White (right) was asked to guest star as Sue Ann Nivens on the Mary Tyler Moore Show. The character was written as an ‘icky-sweet Betty White type’ with a secret life as a promiscuous man-eater. Producers were hesitant to actually cast White on account of her close relationship with Moore. They worried it would create bad blood between the best friends if the part didn’t work out. Nonetheless, she was cast for the role and became an instant sensation

In 1985, at the age of 63, Betty White (right) scored her second signature role and the biggest hit of her career as the naive and tenderhearted 'Rose Nylund' on The Golden Girls. Starring alongside, Rue McClanahan (left), Estelle Getty (center left) and Bea Arthur (center right). The heartwarming show followed four women over the age of 50, who lived together and navigated the stresses of modern life

In 1985, at the age of 63, Betty White (right) scored her second signature role and the biggest hit of her career as the naive and tenderhearted 'Rose Nylund' on The Golden Girls. Starring alongside, Rue McClanahan (left), Estelle Getty (center left) and Bea Arthur (center right). The heartwarming show followed four women over the age of 50, who lived together and navigated the stresses of modern life

In 1985, at the age of 63, Betty White (right) scored her second signature role and the biggest hit of her career as the naive and tenderhearted ‘Rose Nylund’ on The Golden Girls. Starring alongside, Rue McClanahan (left), Estelle Getty (center left) and Bea Arthur (center right). The heartwarming show followed four women over the age of 50, who lived together and navigated the stresses of modern life

In 2010, Betty White became the oldest person to host SNL at the age of 88. Though she struggled with stage fright and the grueling work schedule, her misgivings paid off when she won her seventh Emmy Award for Best Guest Actress in a comedy series

In 2010, Betty White became the oldest person to host SNL at the age of 88. Though she struggled with stage fright and the grueling work schedule, her misgivings paid off when she won her seventh Emmy Award for Best Guest Actress in a comedy series

In 2010, Betty White became the oldest person to host SNL at the age of 88. Though she struggled with stage fright and the grueling work schedule, her misgivings paid off when she won her seventh Emmy Award for Best Guest Actress in a comedy series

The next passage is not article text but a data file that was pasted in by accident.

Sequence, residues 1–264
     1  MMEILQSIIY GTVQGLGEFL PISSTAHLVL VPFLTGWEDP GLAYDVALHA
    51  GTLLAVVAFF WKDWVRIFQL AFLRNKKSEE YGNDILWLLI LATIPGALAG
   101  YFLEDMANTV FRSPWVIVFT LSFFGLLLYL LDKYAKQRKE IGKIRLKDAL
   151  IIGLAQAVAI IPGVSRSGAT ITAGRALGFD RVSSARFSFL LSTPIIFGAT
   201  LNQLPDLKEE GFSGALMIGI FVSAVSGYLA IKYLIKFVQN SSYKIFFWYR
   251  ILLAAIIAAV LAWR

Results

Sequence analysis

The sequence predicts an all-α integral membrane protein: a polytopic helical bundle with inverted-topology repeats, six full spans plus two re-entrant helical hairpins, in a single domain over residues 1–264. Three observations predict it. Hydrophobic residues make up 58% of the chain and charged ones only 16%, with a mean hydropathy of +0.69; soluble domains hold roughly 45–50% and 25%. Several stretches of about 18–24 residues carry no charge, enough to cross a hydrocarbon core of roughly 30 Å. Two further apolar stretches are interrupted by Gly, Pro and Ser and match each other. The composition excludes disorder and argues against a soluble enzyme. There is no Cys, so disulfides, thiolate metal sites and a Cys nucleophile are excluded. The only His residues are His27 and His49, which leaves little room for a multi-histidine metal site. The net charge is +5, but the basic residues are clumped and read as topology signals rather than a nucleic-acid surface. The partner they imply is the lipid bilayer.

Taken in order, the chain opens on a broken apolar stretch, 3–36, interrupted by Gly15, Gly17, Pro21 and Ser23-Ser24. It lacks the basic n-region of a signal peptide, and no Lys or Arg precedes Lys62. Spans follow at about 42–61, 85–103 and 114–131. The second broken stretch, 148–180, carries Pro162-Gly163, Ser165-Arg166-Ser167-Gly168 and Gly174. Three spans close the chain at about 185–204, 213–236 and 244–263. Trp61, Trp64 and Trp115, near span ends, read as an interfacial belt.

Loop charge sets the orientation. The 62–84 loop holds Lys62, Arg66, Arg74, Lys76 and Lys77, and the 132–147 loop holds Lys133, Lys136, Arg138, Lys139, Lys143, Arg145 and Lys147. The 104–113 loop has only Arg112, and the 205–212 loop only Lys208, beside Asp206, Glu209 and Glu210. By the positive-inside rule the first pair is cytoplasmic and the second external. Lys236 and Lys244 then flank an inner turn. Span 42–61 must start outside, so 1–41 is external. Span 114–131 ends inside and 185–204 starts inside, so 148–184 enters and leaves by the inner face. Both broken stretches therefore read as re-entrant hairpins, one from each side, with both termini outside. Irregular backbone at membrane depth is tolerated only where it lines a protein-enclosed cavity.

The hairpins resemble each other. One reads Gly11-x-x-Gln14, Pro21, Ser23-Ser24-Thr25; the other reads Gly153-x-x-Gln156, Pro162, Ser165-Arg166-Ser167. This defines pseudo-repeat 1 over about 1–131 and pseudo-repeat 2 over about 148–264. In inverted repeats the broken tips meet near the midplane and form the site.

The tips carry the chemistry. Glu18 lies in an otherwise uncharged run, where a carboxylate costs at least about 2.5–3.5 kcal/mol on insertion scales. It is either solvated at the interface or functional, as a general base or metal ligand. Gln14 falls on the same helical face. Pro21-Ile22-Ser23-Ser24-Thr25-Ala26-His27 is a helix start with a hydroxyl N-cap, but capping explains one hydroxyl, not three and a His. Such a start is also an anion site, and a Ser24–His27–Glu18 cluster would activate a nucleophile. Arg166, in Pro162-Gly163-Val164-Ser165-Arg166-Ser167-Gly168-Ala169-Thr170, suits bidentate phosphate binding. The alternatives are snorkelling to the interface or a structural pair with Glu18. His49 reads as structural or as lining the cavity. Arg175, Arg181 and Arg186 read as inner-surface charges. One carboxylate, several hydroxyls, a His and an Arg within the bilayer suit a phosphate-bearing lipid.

She was last photographed in public running errands with her driver the day before her birthday 98th birthday, in January 2020. The star spent the remainder of last year, and the whole of 2021, shielding from COVID.

Shortly after that outing, she began limiting contact with others to avoid contracting the virus. When it first surged, she said she was ‘relaxing through her quarantine’ at her residence in Los Angeles.

After graduating from Beverly Hills High School, Betty White got her start in showbiz in 1939 when she was asked to perform a song from The Merry Widow on an experimental television show filmed in downtown Los Angeles. 'I was there when television first started. We grew up together,' she said

After graduating from Beverly Hills High School, Betty White got her start in showbiz in 1939 when she was asked to perform a song from The Merry Widow on an experimental television show filmed in downtown Los Angeles. 'I was there when television first started. We grew up together,' she said

After graduating from Beverly Hills High School, Betty White got her start in showbiz in 1939 when she was asked to perform a song from The Merry Widow on an experimental television show filmed in downtown Los Angeles. ‘I was there when television first started. We grew up together,’ she said

The star’s essential errands, like groceries, were being taken care of for her so she wouldn’t have to leave her house. Additionally, she was ‘only coming in contact with people being equally cautious of the virus’ and who respected her state’s stay-at-home orders.

Despite the pandemic, White continued to interact with her loved ones and fans on Zoom calls.

‘Even though Betty was about to be 100, I thought she would live forever,’ her agent and close friend Jeff Witjas said in a statement issued to People.

‘I will miss her terribly and so will the animal world that she loved so much. I don’t think Betty ever feared passing because she always wanted to be with her most beloved husband Allen Ludden. She believed she would be with him again.’

White leaves behind a massive legacy as a comedienne, actress, author, animal rights activist and one of the first female pioneers in television.

Source: | This article originally belongs to Daily Mail